"Finance Uncovered, working with an anonymous Liberian journalist, has exposed a little-known offshore business registry that has created tens of thousands of anonymous companies and registered them to a non-existent address in Monrovia, Liberia's capital city. Although these companies are technically a creation of Liberian law, management of the registry is based in the United States and appears to have the support of the US government. ... Our investigation has discovered over half a billion pounds of high-value London property registered to Liberian offshore companies."

May 13, 2016  Mozambique: Debt Crisis & the Panama Papers
    The paragraph that originally appeared here, citing AIM, and the cited article from AIM, reposted by AfricaFocus on May 13, 2016, have been removed from this AfricaFocus web archive on this page pursuant to a request from AIM, as a result of complaints to AIM on behalf of Privinvest by its public relations firm Woodstock Leasor Limited and its legal representative Michael Simkins LLP, both in London. For more details on the AIM retraction, see below.

April 11, 2016  Africa/Global: Panama Papers Tip of Iceberg
    "In other words, the leaks reveal just how the planet's wealthiest and most powerful citizens hide their money - trillions of it - in offshore tax shelters like the British Virgin Islands or the Seychelles with the help of law firms in swampy backwaters like Panama. Over 11-million horribly incriminating documents, and this is just one - if one of the more prominent - of the many law firms specialising in this line of work." - Daily Maverick, South Africa

February 29, 2016  USA/Africa: Rising Opposition to Tax Evasion
    "We said we were advising an African minister who had accumulated millions of dollars, and we wanted to buy a Gulfstream Jet, a brownstone and a yacht. We said we needed to get the money into the U.S. without detection. ... the results were shocking; all but one of the the lawyers had suggestions on how to move the funds." Global Witness (see excerpts from report below, as well as link to full report and video documentation)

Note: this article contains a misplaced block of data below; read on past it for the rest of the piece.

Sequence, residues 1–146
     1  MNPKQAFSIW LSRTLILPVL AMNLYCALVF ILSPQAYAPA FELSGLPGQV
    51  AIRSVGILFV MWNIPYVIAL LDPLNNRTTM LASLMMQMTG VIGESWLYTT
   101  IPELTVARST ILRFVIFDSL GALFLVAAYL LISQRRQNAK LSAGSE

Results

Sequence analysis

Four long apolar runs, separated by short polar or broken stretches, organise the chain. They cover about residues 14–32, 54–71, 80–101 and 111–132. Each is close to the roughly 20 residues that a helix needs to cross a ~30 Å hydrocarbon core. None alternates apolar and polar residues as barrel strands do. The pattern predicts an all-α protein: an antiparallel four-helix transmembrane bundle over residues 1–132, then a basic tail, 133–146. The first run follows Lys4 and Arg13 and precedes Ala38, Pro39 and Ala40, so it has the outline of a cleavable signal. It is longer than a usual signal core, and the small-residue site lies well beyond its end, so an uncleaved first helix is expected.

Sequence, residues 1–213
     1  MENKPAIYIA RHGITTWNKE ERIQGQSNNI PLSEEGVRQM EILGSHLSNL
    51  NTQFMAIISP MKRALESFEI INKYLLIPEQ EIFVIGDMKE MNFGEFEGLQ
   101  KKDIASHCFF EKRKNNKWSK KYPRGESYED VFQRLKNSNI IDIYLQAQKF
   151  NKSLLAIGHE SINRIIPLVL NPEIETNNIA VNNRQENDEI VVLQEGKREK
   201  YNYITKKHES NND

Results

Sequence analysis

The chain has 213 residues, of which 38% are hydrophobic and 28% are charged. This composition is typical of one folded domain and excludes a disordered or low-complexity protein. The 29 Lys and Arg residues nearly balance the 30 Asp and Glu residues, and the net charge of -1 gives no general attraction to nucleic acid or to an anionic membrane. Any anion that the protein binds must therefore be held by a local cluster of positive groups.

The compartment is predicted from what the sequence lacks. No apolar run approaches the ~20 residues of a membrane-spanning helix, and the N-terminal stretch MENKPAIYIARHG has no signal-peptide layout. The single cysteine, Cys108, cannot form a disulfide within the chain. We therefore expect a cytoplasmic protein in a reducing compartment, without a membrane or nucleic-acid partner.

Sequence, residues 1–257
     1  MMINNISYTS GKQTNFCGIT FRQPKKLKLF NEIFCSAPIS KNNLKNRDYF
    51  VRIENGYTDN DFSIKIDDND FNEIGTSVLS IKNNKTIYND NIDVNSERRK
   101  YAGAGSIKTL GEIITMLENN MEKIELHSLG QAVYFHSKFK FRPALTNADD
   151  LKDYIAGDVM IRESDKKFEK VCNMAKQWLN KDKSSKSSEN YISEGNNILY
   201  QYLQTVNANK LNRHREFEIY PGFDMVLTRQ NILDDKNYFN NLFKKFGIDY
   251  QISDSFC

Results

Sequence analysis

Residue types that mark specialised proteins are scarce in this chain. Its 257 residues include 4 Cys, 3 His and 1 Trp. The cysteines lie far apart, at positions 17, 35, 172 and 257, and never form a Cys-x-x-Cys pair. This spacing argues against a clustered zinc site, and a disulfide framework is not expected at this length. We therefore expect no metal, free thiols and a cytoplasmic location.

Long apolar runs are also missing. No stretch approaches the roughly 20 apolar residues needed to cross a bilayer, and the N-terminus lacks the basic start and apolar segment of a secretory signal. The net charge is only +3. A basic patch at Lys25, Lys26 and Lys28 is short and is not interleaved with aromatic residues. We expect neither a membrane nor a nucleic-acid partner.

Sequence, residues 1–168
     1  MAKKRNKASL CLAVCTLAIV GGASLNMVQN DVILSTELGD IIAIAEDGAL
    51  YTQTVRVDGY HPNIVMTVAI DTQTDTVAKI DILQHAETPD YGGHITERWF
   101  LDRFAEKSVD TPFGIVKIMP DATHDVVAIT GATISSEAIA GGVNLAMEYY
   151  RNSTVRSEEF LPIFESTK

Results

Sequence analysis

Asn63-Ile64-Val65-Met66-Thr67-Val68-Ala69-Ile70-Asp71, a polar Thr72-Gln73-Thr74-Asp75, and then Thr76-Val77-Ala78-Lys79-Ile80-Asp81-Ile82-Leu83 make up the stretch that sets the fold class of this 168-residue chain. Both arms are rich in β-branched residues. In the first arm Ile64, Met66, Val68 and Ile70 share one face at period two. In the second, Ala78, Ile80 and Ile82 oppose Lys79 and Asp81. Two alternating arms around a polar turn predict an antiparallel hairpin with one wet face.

February 1, 2016  Africa/Global: Accounting Tricks with Coca-Cola
    "The Cayman-based Conco is one of more than 25 entities located in tax havens -- just over 30 percent of the [Coca-Cola's] total 'financial' subsidiary disclosures.. Of those based in tax havens, almost half use Delaware, including the parent Coca-Cola company, incorporated there since 1919. ... Delaware's secret formula is the total tax exemption for all income related to intangible capital. In fact, the Delaware Code specifically highlights the advantages of holding companies for intangible capital that "charge" their own global subsidiaries a 'fee' for use of the trademarks and other intangible capital." - Khadija Sharife, in "Coca-Cola's Hidden Formula for Avoiding Taxes"

November 11, 2015  Africa/Global: Follow the Money
    "New research from the Tax Justice Network shows that the gap between where companies pay tax and where they really do their business is huge ... even developed countries with state-of-the-art tax legislation and well-equipped tax authorities cannot stop multinationals dodging their tax without a thorough reform of the global tax system. ... [these practices have] a relatively greater impact on developing countries, whose public revenues are more dependent on the taxation of large businesses."

October 20, 2015  Africa: Tax Tricks, Mobile Phones, and Beer
    "Despite MTN having its headquarters located in South Africa, 55% of the "management and technical fee payments" flow to "MTN International" (MTNI)--a company which has no staff and is located in Mauritius. The remaining 45% was paid to MTN Dubai--a subsidiary which the company says it renders international financial services and shared services to MTN Group." - Quartz Africa, on new report by amaBhungane and Finance Uncovered

October 6, 2015  South Africa/Global: Piketty says "Tax the Rich"
    "I think Europe and North America should stop having a double language with Africa, which is on the one hand they always give lessons about governance and transparency etcetera, and on the other hand, their own multinational companies and their own wealthy citizens are the very ones who are benefiting from financial opacity and they are doing nothing at all about it." - Thomas Piketty, in Nelson Mandela Annual Lecture

Complete listing of bulletins on illicit financial flows, tax justice, and debt, 2003-present